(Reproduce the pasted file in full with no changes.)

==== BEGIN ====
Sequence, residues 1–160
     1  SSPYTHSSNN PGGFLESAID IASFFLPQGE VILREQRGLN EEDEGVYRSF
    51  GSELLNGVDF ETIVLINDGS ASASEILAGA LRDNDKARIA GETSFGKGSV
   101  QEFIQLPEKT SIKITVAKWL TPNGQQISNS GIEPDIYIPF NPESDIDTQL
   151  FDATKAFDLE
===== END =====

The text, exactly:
Sequence, residues 1–160
     1  SSPYTHSSNN PGGFLESAID IASFFLPQGE VILREQRGLN EEDEGVYRSF
    51  GSELLNGVDF ETIVLINDGS ASASEILAGA LRDNDKARIA GETSFGKGSV
   101  QEFIQLPEKT SIKITVAKWL TPNGQQISNS GIEPDIYIPF NPESDIDTQL
   151  FDATKAFDLE